In an amazing panorama of events going on simultaneously, Krishna is purifying the hearts of all those who endeavor to reunite with Him. Those of us pursuing our spiritual lives under Prabhupada's guidance, in a society of likeminded Vaishnavas, should always strive to remind one another of Krishna's unwavering eternal love for each of us. In this way we will know that for our unique circumstance, Krishna perfectly orchestrates whatever situation we find ourselves in. Life can be compared to a big classroom, replete with lessons and exams. Our freedom in the human form of life lies in how we use our time. A syllabus alerts students to exam dates and projects, but it is up to them to use their free time to study. Similarly, we have to use our free time to practice our spiritual life so that we will be prepared for the exams that come—the final test being the time of death.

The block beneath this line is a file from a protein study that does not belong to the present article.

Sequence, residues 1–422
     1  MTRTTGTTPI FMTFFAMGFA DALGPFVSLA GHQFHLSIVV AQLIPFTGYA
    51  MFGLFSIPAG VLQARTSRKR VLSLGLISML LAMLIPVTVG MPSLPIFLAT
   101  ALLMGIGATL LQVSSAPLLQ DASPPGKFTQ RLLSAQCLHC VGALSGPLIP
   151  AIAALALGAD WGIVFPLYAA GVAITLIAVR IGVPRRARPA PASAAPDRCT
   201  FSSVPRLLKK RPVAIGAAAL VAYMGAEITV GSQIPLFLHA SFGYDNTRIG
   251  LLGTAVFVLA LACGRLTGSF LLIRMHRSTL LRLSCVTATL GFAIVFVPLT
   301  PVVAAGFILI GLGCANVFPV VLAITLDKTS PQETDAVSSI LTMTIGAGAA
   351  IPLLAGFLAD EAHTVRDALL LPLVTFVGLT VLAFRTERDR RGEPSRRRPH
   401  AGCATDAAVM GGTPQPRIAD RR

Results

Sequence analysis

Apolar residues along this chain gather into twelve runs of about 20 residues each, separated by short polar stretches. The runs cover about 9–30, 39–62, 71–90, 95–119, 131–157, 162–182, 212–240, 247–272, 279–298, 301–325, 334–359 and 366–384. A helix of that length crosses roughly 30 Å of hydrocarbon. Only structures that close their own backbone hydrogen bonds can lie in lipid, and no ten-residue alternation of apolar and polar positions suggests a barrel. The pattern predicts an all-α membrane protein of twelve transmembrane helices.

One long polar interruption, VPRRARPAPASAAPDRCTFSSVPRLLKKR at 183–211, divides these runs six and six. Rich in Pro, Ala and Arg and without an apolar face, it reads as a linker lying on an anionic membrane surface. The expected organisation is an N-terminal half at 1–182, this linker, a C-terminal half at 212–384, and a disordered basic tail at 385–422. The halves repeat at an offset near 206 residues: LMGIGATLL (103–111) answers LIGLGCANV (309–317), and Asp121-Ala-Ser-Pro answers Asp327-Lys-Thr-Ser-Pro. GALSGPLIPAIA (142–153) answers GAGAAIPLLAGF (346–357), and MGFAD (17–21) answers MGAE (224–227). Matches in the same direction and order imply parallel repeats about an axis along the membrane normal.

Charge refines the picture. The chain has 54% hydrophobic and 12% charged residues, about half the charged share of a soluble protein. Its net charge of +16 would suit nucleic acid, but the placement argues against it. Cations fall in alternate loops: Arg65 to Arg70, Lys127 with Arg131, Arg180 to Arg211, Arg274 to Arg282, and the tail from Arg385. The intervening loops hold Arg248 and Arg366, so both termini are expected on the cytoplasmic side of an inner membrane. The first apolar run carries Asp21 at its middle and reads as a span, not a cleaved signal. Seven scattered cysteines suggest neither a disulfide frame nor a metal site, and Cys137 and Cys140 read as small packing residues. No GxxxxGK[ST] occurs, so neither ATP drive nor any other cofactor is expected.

Strong spiritual practices, such as chanting japa and hearing from spiritually advanced devotees, will help us embrace each situation with the attitude that everything the Lord does is for my highest good. This will help us make rapid spiritual advancement. Under Krishna's care, there is no bad, only good.

Archana Siddhi Devi Dasi and her husband, Karnamrita Dasa, are working on a book, with the same title as this article, about devotees' experiences of how difficulties and reverses turned out to be spiritually helpful. Scheduled for publication in the spring of 2012.

About the Author: 

Archana Siddhi Devi Dasi

Archana Siddhi Devi Dasi is a disciple of Srila Prabhupada. She has a B.S. in psychology and a master's in clinical social work. She joined the Hare Krishna movement in 1976 while in graduate school. She lived and served at the Potomac, Maryland, temple for twelve years. Her main service was book distribution.